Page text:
Dr. Robinson moved the recommendation to adopt the amendments to existing HHSC Rules at 1 TAC, Sections 355.7101, Cost Determination Process, and 355.7103, Rate-Setting Methodology for 24-Hour Residential Child Care Reimbursements, as reflected in the April 20, 2010 agenda, Item 5e. Ms. Epperson seconded the motion. No questions or discussion followed. Ms. Bryant called for a vote. The motion passed.
Agenda Item 3 - Public Testimony (continued)
Sul Ross, Vice-President of Programs and Collaboration Development for Collaborative for Children, spoke about ratios and group sizes. Mr. Ross's organization is a non-profit agency covering the 13-county Houston area which focuses on quality improvement in early care and education. He noted that Texas ranks low in terms of ratios; 47 other states have better ratios and group sizes. Mr. Ross encouraged the Council to recommend improved minimum standards in the areas of ratios and group sizes and supported recommended changes in other subsections, as well as raising training hours for caregivers.
Judy Cornelius, representing the Texas Professional Home Child Care Association, as well as herself as owner of a licensed child-care home, spoke about clarification on ratios for licensed child-care homes and regulation of listed homes. Ms. Cornelius noted that in Section 747.1603, there is a proposal for an added definition number 5 that you may count a child who is at least four years of age attending a pre-kindergarten program away from the home during the customary school day as a school-aged child in a pre-kindergarten program operated by or in collaboration with the local school district. She asked for explanation of inconsistencies in the rules and questioned if the proposed rule changes will apply to registered homes, licensed homes, or both. A second concern presented by Ms. Cornelius was that of unregulated care, namely listed homes. She supports the application of minimum standards to all child care.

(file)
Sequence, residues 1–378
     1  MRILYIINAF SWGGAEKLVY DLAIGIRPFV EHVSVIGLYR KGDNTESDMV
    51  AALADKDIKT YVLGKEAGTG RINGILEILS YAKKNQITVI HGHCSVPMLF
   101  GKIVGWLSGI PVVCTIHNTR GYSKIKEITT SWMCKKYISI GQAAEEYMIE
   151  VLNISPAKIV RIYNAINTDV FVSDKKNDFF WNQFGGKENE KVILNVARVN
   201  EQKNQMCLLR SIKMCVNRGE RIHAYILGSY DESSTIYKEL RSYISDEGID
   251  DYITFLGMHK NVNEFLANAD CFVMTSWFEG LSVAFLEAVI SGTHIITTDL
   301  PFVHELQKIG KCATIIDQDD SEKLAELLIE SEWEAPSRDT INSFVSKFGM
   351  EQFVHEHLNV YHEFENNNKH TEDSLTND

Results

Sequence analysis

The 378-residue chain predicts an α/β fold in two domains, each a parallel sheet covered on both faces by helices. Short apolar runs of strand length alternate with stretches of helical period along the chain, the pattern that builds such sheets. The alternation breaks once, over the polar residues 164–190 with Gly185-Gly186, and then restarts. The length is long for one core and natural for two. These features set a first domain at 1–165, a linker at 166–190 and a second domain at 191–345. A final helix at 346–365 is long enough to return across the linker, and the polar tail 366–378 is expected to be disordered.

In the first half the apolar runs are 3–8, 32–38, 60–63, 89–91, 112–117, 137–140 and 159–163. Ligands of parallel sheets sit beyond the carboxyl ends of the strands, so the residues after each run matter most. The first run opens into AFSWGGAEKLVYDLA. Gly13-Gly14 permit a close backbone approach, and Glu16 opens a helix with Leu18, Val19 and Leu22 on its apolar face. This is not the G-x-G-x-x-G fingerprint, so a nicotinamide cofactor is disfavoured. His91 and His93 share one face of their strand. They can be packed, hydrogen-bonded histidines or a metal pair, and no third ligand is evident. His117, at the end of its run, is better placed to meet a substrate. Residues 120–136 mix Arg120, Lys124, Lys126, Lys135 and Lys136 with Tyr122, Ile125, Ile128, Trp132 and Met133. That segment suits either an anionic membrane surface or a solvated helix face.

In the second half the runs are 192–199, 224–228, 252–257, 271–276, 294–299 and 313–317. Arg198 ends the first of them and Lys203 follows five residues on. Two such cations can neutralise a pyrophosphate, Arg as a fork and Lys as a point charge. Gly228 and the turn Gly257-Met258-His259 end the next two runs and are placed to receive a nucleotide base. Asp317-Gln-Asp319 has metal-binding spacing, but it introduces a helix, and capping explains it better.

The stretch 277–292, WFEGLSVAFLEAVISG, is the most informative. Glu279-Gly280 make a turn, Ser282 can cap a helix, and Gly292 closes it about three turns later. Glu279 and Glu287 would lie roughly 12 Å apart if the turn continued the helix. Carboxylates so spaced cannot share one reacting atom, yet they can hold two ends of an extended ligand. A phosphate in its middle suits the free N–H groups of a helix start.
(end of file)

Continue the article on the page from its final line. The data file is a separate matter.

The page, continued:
Dawn Breeden, representing the Lewisville Area Family and Child Care Association, supports the majority of the newly proposed child-care regulations and requested minor changes to proposed regulations. She believes listed family homes should be held to a higher standard and feels anyone entrusted with the care of a child should be trained. She also suggested that the rules should read that water be "offered" at every meal and snack time rather than "served", because milk is already being served at breakfast and lunch by those in the food program.
David Fincher, representing the National Child Care Coalition, spoke about ratios and group sizes. Mr. Fincher operates a child-care center in Rowlett, Texas. He gave statistics on numbers of children in child care in Texas and the cost of care, noting that parents will be forced to absorb the increased costs of daycare if the proposed standards are adopted.
Kara Johnson, president and CEO of the Texas Early Childhood Education Coalition (TECEC), spoke about child-care minimum standards. TECEC represents child-care, Head Start and public school pre-K advocates in Texas. Ms. Johnson thanked Sasha Rasco and her staff for creating an open dialogue across the state and allowing stakeholders to speak about the minimum standards. She stated opinions vary but they can all agree on three ideas: First, quality is important. Ms. Johnson provided copies of the Texas Plan, the TECEC 10-year public policy agenda, which includes high quality standards they would to pass over a 10-year period. Second, collaboration is important. Child care is a part of the collaborative model that the Governor, Legislature and stakeholders have been working to create in Texas. She also provided copies of TECEC's Collaboration Manual. Finally, there is a $10 to 20 billion shortfall going into the next legislative session, and the Texas economy is not yet on solid ground. Standards should be increased but not to the point that parents cannot afford high-quality care.
Dan Adams is president and CEO of Cal Farley's Boys Ranch in Amarillo and a member of the Committee on Licensing Standards. He thanked Commissioner Heiligenstein, CCL Assistant Commissioner Sasha Rasco, and licensing staff for their efforts to reach out to various stakeholders and he understands the department cannot meet everyone's agenda.